Life After COVID-19: How Will Higher Education and K-12 Schools Change in the Fall?
A few months ago, college campuses across the country started closing down and sending students home for the semester. The National Collegiate Athletic Association (NCAA) canceled March Madness — and every other sport on the docket. But the ramifications extend far beyond Zoom-hosted classes and Animal Crossing graduation gatherings: For many students, being sent home from college unexpectedly meant scrambling to find a place to live, to find support — financial and otherwise.
For younger students, virtual learning has proven difficult as well. Despite teachers' best efforts, most schools, especially public schools, didn’t have roadmaps to deal with all-virtual learning scenarios. In fact, plenty of universities and otherwise privately funded schools with seemingly huge endowments weren’t well-equipped either. Between technological roadblocks and the fact that many students don’t have access to computers, tablets or the internet at home, the novel coronavirus pandemic certainly spotlighted the discrepancies and shortcomings when it comes to education in the United States. That is to say, the system’s cracks are starting to show — now more than ever.
In New York City, for example, the decision to close public schools was a difficult one: On one hand, keeping schools open would’ve been a health risk for students, teachers and their respective households. But, on the other hand, many students rely on their schools for food and other resources — or, simply, as a place to go when their parents are at work. Needless to say, these exposed cracks reveal complications and contradictions.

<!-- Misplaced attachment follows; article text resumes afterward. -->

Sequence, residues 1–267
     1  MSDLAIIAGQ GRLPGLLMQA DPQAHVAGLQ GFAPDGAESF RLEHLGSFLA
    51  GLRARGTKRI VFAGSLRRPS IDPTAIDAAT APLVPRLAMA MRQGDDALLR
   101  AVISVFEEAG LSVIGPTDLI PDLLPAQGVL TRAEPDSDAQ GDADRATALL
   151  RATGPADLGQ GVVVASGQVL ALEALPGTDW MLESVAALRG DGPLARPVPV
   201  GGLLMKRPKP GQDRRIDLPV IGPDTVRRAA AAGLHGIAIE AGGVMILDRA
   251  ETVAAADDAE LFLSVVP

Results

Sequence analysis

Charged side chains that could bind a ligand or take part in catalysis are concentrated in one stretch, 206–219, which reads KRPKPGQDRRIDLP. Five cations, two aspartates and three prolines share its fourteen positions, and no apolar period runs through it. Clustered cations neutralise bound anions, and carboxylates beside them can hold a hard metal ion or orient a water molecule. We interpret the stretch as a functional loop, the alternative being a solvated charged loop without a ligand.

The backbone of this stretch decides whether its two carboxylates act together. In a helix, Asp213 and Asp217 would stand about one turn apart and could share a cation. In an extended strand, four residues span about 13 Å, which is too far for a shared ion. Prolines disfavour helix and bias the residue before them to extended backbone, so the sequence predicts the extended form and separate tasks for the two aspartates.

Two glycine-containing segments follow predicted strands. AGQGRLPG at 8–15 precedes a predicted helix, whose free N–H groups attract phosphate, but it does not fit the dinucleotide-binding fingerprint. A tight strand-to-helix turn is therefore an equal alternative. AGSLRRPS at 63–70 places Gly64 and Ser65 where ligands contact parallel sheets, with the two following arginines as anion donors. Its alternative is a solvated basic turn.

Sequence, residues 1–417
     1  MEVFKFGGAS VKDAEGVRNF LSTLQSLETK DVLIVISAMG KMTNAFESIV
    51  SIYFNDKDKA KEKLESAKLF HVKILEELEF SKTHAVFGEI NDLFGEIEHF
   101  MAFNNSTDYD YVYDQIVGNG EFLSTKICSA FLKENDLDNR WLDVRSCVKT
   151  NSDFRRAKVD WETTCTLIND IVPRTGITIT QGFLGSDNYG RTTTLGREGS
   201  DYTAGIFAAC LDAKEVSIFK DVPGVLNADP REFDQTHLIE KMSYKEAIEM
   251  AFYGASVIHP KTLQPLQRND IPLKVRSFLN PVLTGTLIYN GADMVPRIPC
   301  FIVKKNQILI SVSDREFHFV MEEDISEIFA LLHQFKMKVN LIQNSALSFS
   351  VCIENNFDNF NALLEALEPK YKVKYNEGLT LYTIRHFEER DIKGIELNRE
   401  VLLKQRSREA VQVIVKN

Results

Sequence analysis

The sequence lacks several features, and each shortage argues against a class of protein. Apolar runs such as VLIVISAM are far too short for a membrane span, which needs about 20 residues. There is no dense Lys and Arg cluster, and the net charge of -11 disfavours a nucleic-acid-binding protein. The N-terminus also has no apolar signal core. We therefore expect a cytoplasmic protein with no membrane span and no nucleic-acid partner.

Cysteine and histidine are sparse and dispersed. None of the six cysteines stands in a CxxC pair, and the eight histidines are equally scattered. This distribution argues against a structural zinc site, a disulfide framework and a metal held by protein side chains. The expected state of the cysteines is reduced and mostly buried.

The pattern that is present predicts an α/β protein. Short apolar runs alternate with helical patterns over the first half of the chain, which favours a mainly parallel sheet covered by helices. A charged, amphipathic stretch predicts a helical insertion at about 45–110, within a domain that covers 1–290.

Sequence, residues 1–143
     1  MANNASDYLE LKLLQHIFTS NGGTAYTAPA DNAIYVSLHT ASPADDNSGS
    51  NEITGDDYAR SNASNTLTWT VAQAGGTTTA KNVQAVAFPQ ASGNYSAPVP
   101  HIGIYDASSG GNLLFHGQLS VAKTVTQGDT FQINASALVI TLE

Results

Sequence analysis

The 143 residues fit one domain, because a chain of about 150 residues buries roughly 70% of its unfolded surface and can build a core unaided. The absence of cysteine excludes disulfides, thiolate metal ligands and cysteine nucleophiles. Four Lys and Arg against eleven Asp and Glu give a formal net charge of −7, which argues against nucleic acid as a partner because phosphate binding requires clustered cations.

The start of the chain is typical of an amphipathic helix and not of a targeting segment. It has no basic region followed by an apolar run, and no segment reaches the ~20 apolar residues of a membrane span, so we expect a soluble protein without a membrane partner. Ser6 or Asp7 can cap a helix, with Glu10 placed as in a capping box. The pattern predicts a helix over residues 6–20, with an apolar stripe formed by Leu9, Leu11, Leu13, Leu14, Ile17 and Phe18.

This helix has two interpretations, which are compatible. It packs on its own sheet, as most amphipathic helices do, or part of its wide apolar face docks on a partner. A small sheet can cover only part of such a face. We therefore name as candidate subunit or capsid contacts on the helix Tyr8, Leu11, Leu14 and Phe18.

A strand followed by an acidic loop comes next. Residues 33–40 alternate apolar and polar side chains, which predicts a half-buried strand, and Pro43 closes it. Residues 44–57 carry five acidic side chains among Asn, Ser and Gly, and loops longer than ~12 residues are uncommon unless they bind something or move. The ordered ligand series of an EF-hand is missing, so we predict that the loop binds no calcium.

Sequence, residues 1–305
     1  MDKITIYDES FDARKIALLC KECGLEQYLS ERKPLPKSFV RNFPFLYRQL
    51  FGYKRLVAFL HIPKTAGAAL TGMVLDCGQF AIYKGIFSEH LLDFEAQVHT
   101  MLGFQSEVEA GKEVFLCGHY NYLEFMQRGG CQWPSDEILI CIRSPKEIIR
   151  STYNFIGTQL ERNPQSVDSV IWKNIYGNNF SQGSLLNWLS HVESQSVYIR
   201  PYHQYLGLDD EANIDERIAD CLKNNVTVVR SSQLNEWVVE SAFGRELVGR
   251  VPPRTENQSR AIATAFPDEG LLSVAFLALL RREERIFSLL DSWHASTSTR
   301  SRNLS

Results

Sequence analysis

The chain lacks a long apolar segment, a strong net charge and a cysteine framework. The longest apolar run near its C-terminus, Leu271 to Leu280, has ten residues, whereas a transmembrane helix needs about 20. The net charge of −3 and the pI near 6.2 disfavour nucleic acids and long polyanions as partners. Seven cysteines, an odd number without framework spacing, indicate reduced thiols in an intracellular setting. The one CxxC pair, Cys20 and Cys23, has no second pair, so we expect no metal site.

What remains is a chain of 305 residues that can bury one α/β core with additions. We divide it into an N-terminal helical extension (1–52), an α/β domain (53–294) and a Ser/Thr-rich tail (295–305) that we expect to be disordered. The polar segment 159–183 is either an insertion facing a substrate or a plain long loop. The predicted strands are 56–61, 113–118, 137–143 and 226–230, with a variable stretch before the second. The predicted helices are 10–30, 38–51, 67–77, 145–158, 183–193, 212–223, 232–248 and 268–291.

How Has COVID-19 Already Impacted Higher Education?
Amid all of those frustrations, there’s also the very real, looming possibility that some schools, particularly liberal arts colleges, won’t reopen come this autumn. In fact, MacMurray College, a small, private liberal arts college in Jacksonville, Illinois, announced its closure earlier in May after 174 years of educating students. Sadly, MacMurray, though it did have financial difficulties unrelated to the pandemic, isn’t an anomaly.
Ways Colleges Will Look Different in the Fall
In the meantime, colleges and universities have found myriad ways to cope: Pine Manor College, a small private institution in Chestnut Hill, Massachusetts, that aims to support underserved and low-income students, merged with the much larger Boston College; a New Jersey state senator has proposed colleges provide students with tuition refunds (many universities are already refunding room and board costs, for obvious reasons); the University of Akron is eliminating three intercollegiate sports from its roster, resulting in a reported $4.4 million in savings, as well as six of its 11 academic colleges; and from Harvard Medical School to the California State University system, many higher ed institutions have already announced completely virtual fall courses.
What Will “Back to School” Season Look Like for K-12 Students and Teachers in the Fall?
When it comes to the closure of college campuses, folks seem more attuned to the other problems that stem from such decisions: Some full-time students who live on campus had nowhere else to go, while others faced daunting financial challenges without on-campus jobs or resources like meal plans. Some students depend on their universities for healthcare — not just insurance, but for therapy and onsite checkups. But these adverse effects also impact younger K-12 students too.